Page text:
The Gilded Age mansions

How Art Shapes Our Life

Sal MaccaroneApril 11, 2012 

During the years following 1870, America was beginning to enjoy a bustling industrial economy. As with some of the phenomena of today's world, a few remarkable individuals became very wealthy during this short-lived era.

Now referred to as "The Gilded Age," this name was first coined through the title of a book which was co-authored by Mark Twain and Charles Warner. The title was meant as a satire that played upon the phrase, "Golden Age." Because the gilding process involves the application of superficial layers of gold, Twain and Warner's effort was in fact referring to ostentatious behavior and materialism.

The city of Newport -- in the state of Rhode Island -- was somehow selected by history as the epicenter of a very pretentious display of wealth. Among many other things, Newport has always been known as an East Coast summer resort area. This was especially true in the 1890s when some of this country's wealthiest families began to summer there. The social scene of the time is set forth in another book, Edith Wharton's novel "The Age of Innocence," which earned her a Pulitzer Prize, (the first ever awarded to a woman). Edith maintained a cottage in Newport called "Land's End" and was herself a part of the world that she had so eloquently wrote about.

The expansive summer properties in Newport were called cottages by their gilded age owners because they were only enjoyed during a brief ten-week period each year. But in reality, these were no cottages!

For instance, "The Breakers," built by Cornelius Vanderbilt II, tallied in at an astounding 65,000 square-feet. The cost of this 72-room cottage, at the time, was more than $12 million (valued at $350 million today). This elaborate get-away was designed by the famous New York architect Richard Morris Hunt (1827-1895) who also designed the pedestal for the Statue of Liberty.

Mr. Hunt designed several of the Newport cottages like "Belcourt Castle," which was a more modest 50,000 feet. Resembling a French hunting lodge, it was built by U.S. congressman and socialite Oliver Hazard Perry Belmont. With a sizable inheritance in hand, Belmont set out to build this French, German, English and Italian Renaissance beauty. During a time without automobiles, this property was mostly famous for the opulent stable and carriage areas which were actually part of the main structure. The 60-room interior of this house was equally as impressive in that its main theme was related to thoroughbred horses and racing. Oliver's father was August Belmont for which the Belmont Stakes, part of the Triple Crown, was named.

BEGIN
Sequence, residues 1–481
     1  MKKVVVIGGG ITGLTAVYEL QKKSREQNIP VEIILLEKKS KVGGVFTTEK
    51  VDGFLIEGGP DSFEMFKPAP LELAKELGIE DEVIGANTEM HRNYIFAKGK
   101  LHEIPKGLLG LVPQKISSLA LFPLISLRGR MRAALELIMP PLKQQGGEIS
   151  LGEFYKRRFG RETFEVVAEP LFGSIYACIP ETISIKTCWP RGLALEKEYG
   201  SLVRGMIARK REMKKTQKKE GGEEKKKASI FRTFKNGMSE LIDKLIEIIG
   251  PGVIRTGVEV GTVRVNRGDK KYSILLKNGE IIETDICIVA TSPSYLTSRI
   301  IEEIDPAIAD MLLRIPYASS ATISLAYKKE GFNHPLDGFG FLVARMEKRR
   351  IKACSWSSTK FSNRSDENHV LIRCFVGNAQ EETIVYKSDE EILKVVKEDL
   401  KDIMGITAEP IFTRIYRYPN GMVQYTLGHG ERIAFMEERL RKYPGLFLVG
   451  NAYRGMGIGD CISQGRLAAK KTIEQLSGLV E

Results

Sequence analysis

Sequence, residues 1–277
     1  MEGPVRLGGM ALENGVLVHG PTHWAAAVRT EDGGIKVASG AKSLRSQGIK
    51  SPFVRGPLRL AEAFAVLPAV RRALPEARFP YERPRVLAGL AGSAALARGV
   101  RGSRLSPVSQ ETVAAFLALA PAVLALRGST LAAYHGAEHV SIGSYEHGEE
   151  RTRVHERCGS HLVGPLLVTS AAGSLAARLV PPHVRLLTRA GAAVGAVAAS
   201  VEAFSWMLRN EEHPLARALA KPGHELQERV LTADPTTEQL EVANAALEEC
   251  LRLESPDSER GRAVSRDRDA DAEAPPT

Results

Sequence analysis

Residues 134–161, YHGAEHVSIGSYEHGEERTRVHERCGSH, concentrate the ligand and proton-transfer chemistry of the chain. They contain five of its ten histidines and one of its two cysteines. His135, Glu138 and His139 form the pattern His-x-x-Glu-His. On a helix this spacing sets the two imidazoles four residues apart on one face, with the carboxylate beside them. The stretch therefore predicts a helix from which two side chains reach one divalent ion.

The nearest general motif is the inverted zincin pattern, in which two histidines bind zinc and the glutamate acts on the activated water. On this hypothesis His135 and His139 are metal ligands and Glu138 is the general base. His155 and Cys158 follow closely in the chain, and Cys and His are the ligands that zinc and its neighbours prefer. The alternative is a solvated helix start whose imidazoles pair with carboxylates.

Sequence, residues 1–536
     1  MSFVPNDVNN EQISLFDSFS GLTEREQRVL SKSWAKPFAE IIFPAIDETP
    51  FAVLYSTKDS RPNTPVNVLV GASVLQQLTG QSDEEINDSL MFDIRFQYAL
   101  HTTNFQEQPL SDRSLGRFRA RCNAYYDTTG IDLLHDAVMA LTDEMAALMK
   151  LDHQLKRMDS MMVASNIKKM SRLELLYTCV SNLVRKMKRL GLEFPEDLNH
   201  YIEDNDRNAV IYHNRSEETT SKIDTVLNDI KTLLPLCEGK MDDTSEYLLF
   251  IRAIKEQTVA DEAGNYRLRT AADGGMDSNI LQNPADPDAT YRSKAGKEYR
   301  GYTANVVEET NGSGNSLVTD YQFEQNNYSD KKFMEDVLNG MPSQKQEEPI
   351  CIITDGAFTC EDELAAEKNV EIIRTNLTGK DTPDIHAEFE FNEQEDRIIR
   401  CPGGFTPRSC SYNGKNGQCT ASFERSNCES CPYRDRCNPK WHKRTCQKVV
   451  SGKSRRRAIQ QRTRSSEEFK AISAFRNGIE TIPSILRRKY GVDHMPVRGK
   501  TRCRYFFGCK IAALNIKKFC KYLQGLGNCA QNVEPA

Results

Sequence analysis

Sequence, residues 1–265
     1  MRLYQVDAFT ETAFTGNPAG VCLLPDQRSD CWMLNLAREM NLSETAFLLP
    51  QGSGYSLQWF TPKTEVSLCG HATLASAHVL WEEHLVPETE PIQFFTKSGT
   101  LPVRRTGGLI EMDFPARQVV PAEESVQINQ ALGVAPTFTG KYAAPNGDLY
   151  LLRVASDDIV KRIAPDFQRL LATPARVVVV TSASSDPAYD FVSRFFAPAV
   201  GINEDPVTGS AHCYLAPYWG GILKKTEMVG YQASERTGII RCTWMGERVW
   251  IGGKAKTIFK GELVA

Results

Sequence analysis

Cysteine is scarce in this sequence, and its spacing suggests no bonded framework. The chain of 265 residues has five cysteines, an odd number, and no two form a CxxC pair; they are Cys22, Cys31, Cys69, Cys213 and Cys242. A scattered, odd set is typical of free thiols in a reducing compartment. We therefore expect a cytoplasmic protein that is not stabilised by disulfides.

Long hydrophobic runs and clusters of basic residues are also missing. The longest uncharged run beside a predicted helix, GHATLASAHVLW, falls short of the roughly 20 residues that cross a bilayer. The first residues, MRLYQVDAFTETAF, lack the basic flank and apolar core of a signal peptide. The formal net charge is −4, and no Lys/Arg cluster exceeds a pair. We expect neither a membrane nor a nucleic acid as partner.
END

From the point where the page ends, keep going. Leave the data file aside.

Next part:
One of the most fascinating of the Newport properties and my personal favorite is, "Hammersmith Farm." This Victorian mansion complete with its own beach was built by John W. Auchincloss in 1889. Many years later it became the childhood home of Jacqueline Bouvier. The property was also host to her wedding reception in September of 1953 after she was married to John F. Kennedy when he was still a senator. During the Kennedy presidency, Hammersmith Farm was referred to as the summer White House.

At the end of the gilded age many of the sprawling mansions fell into complete disrepair and were abandoned by the owners. At one point a few of them were for sale for a mere forty thousand dollars. Currently, many of the gilded age mansions continue in private use. Some have been converted for academic use. Others, such as The Breakers, have been purchased and beautifully restored by the Preservation Society of Newport County, www.newportmansions.org). These mansions are open for tours to the public and are a "must see" for anyone visiting the East Coast.

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